Choose Yourself by James Altucher: Money, Self-Development And Motivation


I like James Altucher. He’s got this “honesty” thing down better than anyone I know.

I was trying to search for the exact blog post, where he told that he just plainly steals from everyone, but it seems that he has made an entire blog post (which I had missed) dedicated to stealing.

That requires some balls.

The actual review

The book “Choose Yourself” is a mixture of the new state of economy, being happy and maybe getting some money in the process. It’s always nice to read things that are similar to your own line of thinking and that is where James succeeds often.

The new economy

I’ve had lots of thoughts about the new state of economy, where people have to take more responsibility for themselves, where traditional industry will be dominated by machinery, leaving people up to the creative jobs.

James tells you to pick yourself instead of waiting to be picked by someone.

These kinds of thoughts are not mainstream yet, but the shift that is happening is clearly visible. The book gives great insight to this and it’s recommended for anyone who wants more from their lives than the traditional 9-5.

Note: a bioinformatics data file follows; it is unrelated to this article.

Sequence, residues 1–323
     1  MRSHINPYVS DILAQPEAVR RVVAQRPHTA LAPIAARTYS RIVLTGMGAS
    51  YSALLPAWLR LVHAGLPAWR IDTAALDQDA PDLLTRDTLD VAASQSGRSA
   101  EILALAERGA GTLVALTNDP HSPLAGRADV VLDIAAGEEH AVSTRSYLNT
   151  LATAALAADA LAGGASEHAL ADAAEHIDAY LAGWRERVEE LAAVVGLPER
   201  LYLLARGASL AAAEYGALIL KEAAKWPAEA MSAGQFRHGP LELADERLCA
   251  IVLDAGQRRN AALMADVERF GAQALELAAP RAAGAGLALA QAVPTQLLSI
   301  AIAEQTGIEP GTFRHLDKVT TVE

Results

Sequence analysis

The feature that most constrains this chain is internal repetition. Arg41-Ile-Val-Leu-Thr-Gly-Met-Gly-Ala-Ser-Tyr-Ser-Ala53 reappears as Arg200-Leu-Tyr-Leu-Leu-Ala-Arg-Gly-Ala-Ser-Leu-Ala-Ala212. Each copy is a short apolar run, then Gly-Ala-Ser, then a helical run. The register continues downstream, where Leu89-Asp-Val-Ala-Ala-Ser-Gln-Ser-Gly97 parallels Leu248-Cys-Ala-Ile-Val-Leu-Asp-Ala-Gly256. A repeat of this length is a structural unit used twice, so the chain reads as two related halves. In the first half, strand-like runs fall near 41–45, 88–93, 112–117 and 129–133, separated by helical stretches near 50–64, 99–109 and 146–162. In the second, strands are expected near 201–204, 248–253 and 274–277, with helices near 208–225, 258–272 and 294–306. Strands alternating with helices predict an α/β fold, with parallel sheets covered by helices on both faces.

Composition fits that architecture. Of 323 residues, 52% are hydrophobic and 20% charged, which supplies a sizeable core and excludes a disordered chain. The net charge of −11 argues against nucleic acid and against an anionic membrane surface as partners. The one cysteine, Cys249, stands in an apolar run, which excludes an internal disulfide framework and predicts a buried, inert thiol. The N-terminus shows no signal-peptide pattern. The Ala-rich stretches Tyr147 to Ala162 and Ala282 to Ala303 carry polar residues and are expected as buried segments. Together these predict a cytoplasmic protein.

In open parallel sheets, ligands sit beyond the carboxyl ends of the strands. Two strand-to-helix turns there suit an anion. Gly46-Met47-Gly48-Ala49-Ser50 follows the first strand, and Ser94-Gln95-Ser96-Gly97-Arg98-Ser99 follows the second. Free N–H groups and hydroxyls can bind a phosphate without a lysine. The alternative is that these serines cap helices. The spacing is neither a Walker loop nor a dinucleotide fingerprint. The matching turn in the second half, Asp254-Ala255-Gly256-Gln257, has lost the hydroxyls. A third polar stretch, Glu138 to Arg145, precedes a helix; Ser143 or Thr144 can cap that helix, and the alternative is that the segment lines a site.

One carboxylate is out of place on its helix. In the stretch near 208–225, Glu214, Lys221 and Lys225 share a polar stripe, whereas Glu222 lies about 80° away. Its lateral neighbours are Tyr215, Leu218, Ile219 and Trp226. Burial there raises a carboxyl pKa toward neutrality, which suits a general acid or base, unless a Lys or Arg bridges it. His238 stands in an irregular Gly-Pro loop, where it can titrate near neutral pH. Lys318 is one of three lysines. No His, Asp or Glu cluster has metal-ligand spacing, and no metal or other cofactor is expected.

The daily practice

James has also included a self-development section: nothing new for me, but welcomed nonetheless. We are introduced to “daily practice”, which is Altuchers own way of dealing with daily life and keeping things in balance. I can agree to a degree that it works as I’ve done something similar in the past, changing my life completely.

I like it how James’ line of thinking is clearly influenced by spirituality, but he doesn’t talk too much about it: just the important key-points are introduced and that’s it. In my opinion spirituality is awesome, but incredibly poorly branded. In Choose Yourself it’s clearly visible that Altucher has left out all the mysticism that makes it reclusive for a lot of people.

The disappointment

There was one thing that I found slightly disappointing in the book: James used old content from his blog posts that I had read already.

Then again I was surprised how I wasn’t too bothered about it.

Maybe it’s his honesty, I don’t know.

The Good:

  • The writing is engaging, honest and fun. If you like Altuchers writing, you won’t be disappointed.
  • Very inspiring (I might read it again at some point)
  • Lots of stories and analogies
  • Compact. In other words, it wasn’t too long

The Bad:

  • James used too much content from his blog.

The Verdict:


It was a great read.

I wrote this article originally to, but I thought it would be suitable for improvementa.


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